Yup, "Hitchcock" is very exciting. You know it doesn't tell the story of his whole life; it just tells the story of the period of his life when he spent making "Psycho," which is also my favorite Hitchcock film so that's very exciting for me personally. Sir Anthony Hopkins playing Sir Alfred Hitchcock, it's pretty extraordinary. And then, like you mentioned before, Ang Lee; I'm such a huge Ang Lee fan. It's beyond exciting to have him back at the festival. We had "Crouching Tiger, Hidden Dragon" here, and I think it was the year before I started the festival so I felt like I just missed that amazing night. So it's a real thrill to have him back here for "Life of Pi."
AFI is now located at the Mann's Chinese and the Mann's Six complex right at Hollywood and Highland. Is it nice to walk out of a film like "Hitchcock," which is so completely about Hollywood history, and be at one of the city's most famed and recognizable venues?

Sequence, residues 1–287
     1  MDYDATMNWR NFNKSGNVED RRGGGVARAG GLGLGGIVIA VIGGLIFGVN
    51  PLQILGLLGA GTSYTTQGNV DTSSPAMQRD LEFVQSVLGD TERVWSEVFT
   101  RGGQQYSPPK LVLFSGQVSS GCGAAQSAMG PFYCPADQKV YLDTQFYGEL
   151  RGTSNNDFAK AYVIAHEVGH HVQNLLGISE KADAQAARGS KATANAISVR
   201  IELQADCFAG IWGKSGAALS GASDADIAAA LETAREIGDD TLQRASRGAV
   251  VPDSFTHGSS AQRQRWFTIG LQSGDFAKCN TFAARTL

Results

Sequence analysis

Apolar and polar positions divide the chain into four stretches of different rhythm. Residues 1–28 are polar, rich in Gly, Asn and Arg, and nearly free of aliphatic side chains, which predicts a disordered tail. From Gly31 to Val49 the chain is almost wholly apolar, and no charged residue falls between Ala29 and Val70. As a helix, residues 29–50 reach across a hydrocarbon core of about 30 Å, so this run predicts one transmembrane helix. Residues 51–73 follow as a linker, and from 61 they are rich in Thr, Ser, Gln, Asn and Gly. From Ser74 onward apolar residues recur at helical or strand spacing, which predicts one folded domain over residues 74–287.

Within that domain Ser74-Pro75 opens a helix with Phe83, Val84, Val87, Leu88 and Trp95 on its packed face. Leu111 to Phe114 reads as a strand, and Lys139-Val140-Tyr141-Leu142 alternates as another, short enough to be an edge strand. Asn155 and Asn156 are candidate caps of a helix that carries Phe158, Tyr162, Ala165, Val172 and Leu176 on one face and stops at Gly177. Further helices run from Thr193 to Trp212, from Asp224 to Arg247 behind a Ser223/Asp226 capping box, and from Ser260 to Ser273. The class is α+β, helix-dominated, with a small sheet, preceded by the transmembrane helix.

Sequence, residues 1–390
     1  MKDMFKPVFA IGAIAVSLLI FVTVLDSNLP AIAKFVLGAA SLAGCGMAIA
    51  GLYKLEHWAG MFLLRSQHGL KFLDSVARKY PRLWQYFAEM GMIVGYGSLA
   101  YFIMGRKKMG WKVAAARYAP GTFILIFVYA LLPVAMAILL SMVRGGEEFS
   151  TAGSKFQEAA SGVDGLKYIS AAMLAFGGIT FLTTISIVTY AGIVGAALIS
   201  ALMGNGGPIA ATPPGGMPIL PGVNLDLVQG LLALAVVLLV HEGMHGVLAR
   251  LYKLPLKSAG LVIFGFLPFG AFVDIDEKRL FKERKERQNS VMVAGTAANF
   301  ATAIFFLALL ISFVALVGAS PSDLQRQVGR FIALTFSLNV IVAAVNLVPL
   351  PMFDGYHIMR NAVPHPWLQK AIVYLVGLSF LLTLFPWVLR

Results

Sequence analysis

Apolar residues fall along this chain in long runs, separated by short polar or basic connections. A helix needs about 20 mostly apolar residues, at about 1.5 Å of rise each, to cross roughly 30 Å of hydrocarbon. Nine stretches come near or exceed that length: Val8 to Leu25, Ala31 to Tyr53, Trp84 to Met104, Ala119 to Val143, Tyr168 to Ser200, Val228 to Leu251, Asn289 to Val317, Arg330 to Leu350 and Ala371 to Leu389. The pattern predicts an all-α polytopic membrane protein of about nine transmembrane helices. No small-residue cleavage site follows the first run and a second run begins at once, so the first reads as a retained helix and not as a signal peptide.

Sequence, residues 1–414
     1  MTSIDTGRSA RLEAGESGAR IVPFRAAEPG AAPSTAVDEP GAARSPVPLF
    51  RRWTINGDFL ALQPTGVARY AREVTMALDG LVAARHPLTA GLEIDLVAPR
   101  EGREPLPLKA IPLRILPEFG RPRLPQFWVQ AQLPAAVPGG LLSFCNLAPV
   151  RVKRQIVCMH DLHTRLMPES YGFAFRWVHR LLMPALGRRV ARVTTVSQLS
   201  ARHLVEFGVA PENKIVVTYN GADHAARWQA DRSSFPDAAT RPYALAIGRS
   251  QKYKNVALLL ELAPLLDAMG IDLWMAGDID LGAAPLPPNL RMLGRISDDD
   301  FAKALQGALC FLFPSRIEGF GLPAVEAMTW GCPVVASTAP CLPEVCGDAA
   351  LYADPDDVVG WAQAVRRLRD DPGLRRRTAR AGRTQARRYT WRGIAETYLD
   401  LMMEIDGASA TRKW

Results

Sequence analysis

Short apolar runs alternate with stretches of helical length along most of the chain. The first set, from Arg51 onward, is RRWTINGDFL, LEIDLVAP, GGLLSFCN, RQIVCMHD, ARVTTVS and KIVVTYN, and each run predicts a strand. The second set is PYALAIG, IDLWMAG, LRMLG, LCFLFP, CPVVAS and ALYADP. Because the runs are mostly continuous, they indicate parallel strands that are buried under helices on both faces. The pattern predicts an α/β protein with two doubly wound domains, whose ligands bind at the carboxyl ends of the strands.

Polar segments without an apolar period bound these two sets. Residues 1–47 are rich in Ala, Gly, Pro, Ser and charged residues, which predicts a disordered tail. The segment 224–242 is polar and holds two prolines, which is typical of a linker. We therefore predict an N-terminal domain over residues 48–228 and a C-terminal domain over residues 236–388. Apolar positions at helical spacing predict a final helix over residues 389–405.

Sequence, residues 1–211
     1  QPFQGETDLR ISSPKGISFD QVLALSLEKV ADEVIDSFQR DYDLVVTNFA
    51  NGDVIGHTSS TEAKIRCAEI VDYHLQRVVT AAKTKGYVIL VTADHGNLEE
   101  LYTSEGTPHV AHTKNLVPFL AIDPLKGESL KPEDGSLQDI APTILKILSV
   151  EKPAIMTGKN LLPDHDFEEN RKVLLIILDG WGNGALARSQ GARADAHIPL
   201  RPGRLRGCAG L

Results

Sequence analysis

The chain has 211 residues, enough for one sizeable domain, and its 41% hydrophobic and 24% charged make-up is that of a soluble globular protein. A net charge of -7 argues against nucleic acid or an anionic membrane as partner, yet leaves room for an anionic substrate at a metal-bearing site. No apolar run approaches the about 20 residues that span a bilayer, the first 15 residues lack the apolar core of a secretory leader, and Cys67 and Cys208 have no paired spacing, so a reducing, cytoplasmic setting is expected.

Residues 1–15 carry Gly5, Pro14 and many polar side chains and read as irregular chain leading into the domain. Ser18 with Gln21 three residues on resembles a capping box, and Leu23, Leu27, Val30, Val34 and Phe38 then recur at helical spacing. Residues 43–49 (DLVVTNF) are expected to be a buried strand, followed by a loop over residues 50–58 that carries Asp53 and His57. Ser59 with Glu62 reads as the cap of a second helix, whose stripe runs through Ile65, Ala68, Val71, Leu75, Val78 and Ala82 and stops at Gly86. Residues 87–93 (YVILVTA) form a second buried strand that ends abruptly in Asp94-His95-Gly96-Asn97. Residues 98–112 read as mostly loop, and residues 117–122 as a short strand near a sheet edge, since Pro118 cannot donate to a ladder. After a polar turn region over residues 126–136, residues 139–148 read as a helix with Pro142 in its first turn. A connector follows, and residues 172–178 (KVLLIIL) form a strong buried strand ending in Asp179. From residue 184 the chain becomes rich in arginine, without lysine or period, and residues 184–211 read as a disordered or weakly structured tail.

It is. It's really great, and there are all these scenes in "Hitchcock" that you'll see like lots of walk and talk on the sets on back lots and stuff, which is this very quintessential Los Angeles experience. So it's fun. I mean it's hard in Los Angeles to find a place that really feels very central and very sort of connective to bring all the disparate groups of Los Angelinos together, and I think we do a pretty good job there at Hollywood and Highland. It's a lot of fun and just a madhouse, too. It gets so crowded there during the festival; it's great.
Isn't that the great joke about L.A. as a city, that it's impossible to know where you'd want to have a riot?
Let's talk about the fact that you folks are doing midnight movies, which is a staple of a lot of film festivals. And it's a relatively new thing for you folks, right?